Is a naval vessel a weapon system? Or does that depend on its capabilities? Can the Common Military List of the European Union provide an answer to this question?
Two recent military export permits induce these questions. In September 2022 the Dutch government provided an export license for three underwater drones to India. In the same month Damen Shipyards reported the qualities of two naval surface vessels it sold to Pakistan.
The definition of military technology for export control purposes is well organised in the EU. In the Common Military List Category ML9 of the of the European Union (version adopted 17 February 2020) naval vessels are defined as: ‘Vessels of war (surface or underwater), special naval equipment, accessories, components and other surface vessels.’ Both above mentioned sales fall into this category.
The Common List provides two pages of details to define vessels of war. But the first part is enough to answer the questions, raised above: “Vessels (surface or underwater) specially designed or modified for military use, regardless of current state of repair or operating condition, and whether or not they contain weapon delivery systems or armour, and hulls or parts of hulls for such vessels, and components therefor specially designed for military use.” All other lines are to expand the category. There is not doubt: both are vessels of war, both are military sales.
The Damen surface vessels for Pakistan are equipped with electronic warfare, anti-ship, anti-air weapons/sensors and self-protection systems. The ships also have facilities for an onboard helicopter and Unmanned Aerial Vehicles (UAV, or drone) according to the Romanian press (in the Netherlands there is no attention for this major weapon deal, so far). Based on earlier deliverances to Pakistan of ships of the same class, the value will be close to € 80 million (see license NL0074CDIU0127901 of December 27, 2019). We know about the sales thanks to a article on the ships and their capabilities by Jane’s (a major publishing house on military matters). The ships did not turn up in any public Dutch report so far (last available information is on May 2022).
The underwater drones are exported by a Dutch company, according to a letter by the Dutch Minister of Foreign Trade. The vessels are for anti-submarine operations (ASW) and valued at € 7.784.565.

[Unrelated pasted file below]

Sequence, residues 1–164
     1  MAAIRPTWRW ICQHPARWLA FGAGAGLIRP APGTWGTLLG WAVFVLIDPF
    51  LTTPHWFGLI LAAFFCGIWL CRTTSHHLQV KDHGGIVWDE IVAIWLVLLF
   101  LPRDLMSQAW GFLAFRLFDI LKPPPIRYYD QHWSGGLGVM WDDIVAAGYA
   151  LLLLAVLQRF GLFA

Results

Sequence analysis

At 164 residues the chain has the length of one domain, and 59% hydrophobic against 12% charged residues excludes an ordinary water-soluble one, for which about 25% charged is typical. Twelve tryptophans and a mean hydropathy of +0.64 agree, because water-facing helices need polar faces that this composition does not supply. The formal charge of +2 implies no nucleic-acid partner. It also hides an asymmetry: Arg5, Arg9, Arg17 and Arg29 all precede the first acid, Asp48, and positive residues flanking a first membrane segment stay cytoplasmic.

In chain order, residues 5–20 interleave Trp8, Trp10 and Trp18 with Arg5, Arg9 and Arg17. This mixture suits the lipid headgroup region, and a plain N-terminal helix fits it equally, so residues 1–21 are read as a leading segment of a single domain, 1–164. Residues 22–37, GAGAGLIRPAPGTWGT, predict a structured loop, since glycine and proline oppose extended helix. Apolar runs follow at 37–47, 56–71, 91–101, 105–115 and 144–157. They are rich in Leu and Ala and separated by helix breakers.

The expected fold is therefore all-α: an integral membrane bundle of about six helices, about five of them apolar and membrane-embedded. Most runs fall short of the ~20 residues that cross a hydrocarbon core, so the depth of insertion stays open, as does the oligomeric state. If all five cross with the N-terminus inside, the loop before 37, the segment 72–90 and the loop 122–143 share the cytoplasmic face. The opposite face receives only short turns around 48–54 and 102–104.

While the sale of the underwater drones is officially reported to the Parliament much information remains vague. It is not unknown if the drones will be armed with lethal weapon systems or if they are for reconnaissance, surveillance and observation tasks to find enemy submarines and share that information to other vessels which will do the actual firing. We do not even know which company is delivering the drones (see box). It is peculiar that the target submarines most likely will be Chinese or Pakistan navy, Pakistan being China’s most important regional ally. The Dutch have a centuries long history of selling both sides of a conflict.
Pakistan is not only ally of China, it is also the country which is in conflict with India since the 1947 separation. The Dutch government takes the convenient position that a military escalation between both countries is not likely. Yes there are talks to settle disputes. But there have been talks alternated by violent eruptions for decades. When the coin is on its side it can flip to both sides, preferably towards peace or but also to violent conflict. The Global Conflict Tracker estimates the danger of conflict as significant. Papers from the region are not optimistic either. It is a choice to ignore the realistic view that a conflict existing for almost 75 year is not solved with the next agreement.
The optimist Dutch government adds “the Indian navy is not a party in the forementioned [along the border and because of Kashmir] conflicts.” It is as if for conflict in Kashmir or the India-Pak border (the Line of Control, dubbed Line of Conflict) there is a guarantee the conflict will be limited to these spots. The sea is part of the military stalemate as Sawney and Wahab explain in their elaborate book on the Indian military challenges Dragon on your doorstep (pp. 275-77).
When you deny a conflict and – in case there is one – the involvement of the maritime part of the armed forces you can pretend to stick to a tight arms export policy. The Dutch government position and the market opportunities of a maritime and export oriented military industry connect like waxed zipper.
The population of Pakistan has bigger problems than weapons and conflict and see their security damaged by extreme monsoon, flooding two thirds of the country and wreck their lives and belongings. Selling two naval vessels valued approximately € 80 million to improve ‘security’ for this population is cynical and hard to swallow.
In a search for Dutch underwater drones (ROV, UUV, AUV) some Dutch unmanned underwater vessels surfaced (all the cheap versions ranging from € 800 to € 60.000 for divers, fishing, construction etc. not included). The first is a product by Marin, developed in collaboration with other parties (government, research institutes TNO, NLR, the national & international maritime business community) useful for underwater patrols, the so-called modular Autonomous Underwater Vehicle (mAUV) for “both military and civilian operations.” It seems to be to much in the development phase for export. The Light Autonomous Underwater Vehicle (LAUV) was tested by the Dutch navy already back in 2017 for ASW-tasks, but is of Portugese origin strengthened with Dutch technology.
The export license for India is not the first underwater vehicle exported by the Netherlands. Most went to Russia, one export to Taiwan for seabed research and were categorised dual-use.